A shocking new report released by Kids Count Michigan shows a sizable spike in the number of pregnant women who are lighting up cigarettes.
From 2008 to 2014, the number of expecting moms smoking jumped 18 percent in the Mitten State, a press release from Kids Count Michigan notes. The highest rates were found in Michigan’s northern Lower Peninsula and in the Upper Peninsula, which are comprised of many rural counties.
Smoking while pregnant remains highest among white mothers, though the state saw an increase across ethnic groups, with the largest being among Hispanic moms-to-be.
Kids Count Michigan draws correlations between these smoking stats and the number of pre-term births in Michigan, which is up 20 percent throughout the state. Pre-term births, those occurring before 37 weeks gestation, are associated with smoking while pregnant.
“With all of the information out there on the risks of smoking, the increase in pregnant women who are smoking in this day and age is particularly startling,” says Alicia Guevara Warren, the Kids Count in Michigan project director, according to the release. “With these numbers, you would think it is 1986, not 2016.”
Dr. Monica Lee-Griffith, director of obstetrics at Henry Ford Heath System, was also surprised to hear of these findings.
Maybe these statistics would have been slightly less startling if this were about 30 years ago. “Smoking tended to be the norm even 30 years ago. People were smoking at work,” she says. But over the last 10 to 20 years, she says, the dangers of smoking – for baby and for mom – are better known.
Dr. Lee-Griffith explains the negative impacts of smoking while pregnant “deal with the effect it has on the placenta.” Smoking decreases the blood supply to the placenta, which she explains is the “nutritional basis” for babies. Babies in the womb also experience a decrease in oxygen, and moms risk having smaller babies, having preterm deliveries or experiencing stillbirth.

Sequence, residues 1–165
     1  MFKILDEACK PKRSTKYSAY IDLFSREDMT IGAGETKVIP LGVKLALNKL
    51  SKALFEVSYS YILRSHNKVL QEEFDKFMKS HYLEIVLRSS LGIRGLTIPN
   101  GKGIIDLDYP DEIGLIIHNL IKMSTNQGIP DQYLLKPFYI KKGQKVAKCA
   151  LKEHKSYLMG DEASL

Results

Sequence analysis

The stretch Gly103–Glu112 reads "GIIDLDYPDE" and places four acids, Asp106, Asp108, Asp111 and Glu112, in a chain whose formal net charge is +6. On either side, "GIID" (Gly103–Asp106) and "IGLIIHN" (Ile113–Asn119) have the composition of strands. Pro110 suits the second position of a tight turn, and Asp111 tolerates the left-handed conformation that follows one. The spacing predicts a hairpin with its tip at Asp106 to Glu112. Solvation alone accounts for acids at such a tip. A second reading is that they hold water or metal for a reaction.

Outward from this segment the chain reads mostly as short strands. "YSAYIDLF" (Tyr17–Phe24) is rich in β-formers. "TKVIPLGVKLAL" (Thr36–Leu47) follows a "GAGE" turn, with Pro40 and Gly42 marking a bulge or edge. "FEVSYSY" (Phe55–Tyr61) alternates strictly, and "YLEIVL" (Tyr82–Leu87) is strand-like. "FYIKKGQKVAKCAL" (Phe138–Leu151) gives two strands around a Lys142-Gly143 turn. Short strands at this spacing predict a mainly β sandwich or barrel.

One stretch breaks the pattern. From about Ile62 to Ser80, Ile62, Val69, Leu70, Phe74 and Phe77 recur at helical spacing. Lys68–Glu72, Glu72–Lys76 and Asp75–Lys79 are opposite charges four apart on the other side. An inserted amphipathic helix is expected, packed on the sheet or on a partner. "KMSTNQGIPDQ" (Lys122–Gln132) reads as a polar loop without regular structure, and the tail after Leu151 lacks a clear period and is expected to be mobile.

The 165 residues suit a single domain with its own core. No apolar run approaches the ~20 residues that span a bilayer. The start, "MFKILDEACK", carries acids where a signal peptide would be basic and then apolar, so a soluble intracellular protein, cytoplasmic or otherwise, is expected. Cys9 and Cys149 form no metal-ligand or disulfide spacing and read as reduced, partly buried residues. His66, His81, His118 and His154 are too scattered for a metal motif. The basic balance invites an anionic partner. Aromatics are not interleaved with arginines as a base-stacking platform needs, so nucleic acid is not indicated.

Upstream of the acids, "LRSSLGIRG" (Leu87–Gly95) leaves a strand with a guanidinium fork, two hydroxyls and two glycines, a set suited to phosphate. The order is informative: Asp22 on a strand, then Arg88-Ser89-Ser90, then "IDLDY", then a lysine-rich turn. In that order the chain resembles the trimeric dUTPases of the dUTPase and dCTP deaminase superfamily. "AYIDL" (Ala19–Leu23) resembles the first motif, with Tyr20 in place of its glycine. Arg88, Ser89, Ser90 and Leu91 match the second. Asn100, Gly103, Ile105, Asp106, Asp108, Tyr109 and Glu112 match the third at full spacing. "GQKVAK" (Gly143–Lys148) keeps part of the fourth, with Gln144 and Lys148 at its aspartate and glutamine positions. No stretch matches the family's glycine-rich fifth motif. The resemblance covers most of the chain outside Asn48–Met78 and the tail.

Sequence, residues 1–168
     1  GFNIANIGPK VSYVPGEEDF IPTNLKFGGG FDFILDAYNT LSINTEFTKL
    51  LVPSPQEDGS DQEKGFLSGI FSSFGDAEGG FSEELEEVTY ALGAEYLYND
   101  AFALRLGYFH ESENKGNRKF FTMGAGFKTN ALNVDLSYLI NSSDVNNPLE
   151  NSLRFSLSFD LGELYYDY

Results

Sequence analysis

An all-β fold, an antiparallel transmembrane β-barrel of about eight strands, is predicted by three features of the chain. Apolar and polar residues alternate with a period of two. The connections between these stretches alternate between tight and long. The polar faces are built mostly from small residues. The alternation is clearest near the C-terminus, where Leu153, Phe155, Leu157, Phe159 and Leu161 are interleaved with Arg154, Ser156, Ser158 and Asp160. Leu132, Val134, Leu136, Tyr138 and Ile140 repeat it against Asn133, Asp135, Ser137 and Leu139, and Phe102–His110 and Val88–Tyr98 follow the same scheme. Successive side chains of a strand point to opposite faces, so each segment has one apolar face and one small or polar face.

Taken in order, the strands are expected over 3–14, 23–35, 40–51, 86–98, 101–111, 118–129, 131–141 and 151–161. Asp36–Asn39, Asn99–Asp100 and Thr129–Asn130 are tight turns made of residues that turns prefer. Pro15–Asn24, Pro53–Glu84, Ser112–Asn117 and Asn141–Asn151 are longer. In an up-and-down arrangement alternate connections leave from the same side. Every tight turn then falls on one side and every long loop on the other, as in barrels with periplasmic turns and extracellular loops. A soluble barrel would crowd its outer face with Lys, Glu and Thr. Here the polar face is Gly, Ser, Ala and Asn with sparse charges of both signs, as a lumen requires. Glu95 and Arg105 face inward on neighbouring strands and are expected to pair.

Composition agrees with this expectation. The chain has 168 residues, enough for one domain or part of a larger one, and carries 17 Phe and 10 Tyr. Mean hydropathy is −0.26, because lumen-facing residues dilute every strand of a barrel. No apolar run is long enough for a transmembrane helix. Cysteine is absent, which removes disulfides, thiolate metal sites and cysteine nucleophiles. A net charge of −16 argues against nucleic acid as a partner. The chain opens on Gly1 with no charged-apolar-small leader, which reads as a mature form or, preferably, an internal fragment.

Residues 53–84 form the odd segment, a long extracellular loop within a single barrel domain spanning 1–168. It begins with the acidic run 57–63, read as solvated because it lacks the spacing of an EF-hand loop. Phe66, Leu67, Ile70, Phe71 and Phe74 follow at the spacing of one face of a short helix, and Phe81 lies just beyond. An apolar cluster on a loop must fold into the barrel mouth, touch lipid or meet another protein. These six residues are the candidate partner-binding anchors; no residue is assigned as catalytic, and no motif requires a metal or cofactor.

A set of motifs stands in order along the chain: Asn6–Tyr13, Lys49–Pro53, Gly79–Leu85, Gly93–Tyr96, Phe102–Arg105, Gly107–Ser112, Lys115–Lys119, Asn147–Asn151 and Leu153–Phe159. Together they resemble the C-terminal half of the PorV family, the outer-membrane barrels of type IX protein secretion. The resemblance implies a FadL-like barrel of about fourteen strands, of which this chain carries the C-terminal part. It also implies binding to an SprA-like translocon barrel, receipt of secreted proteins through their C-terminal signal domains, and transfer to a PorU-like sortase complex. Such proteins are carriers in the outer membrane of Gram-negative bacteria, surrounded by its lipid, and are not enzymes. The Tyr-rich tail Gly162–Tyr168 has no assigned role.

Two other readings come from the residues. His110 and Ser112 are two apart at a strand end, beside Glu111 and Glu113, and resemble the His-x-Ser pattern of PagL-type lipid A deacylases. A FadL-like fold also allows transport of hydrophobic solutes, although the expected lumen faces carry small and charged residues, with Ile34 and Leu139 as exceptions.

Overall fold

Why the increases?
Why are numbers up among women in Michigan? Dr. Lee-Griffith has an idea, based on the findings. Rates were higher in rural areas of the state. “Those citizens don’t have the same access to health care as we do in more urban environments,” she says.
At Henry Ford, doctors screen patients for smoking as part of their initial evaluations, she says. Then, doctors can educate, recommend programs and even suggest medication to help pregnant women quit smoking.
Without access to health care, women don’t get the same health counseling during pregnancy. They may not even realize smoking during pregnancy is harmful. “If patients don’t have access to that type of care then they are not going to have access to those types of interventions that can be very helpful.”
There are other factors to consider, too. Warren at Kids Count Michigan attributes increases to slashed state and federal funds for smoking prevention and programs. For 2017, the press release notes, “smoking prevention and cessation initiatives were funded at $3.78 million, which is down 34 percent from budget year 2008.”
“Funding and programming cuts clearly have consequences, and the state urgently needs to reinvest in evidenced-based smoking prevention and cessation efforts for pregnant women,” Warren states in the release.
Dr. Lee-Griffith also hopes to see some changes now that these statistics have been publicized, noting hopefully legislators will see this funding is important to get the word out to patients who don’t have the same access.
The study does note there were some positive findings for moms and babies from 2008 to 2014, including reduced rates of teen pregnancies and repeat teen births. Our state also had less women with no high school education or GED giving birth and a drop in the number of women receiving late or no prenatal care.
For more on the findings, take a look at this report.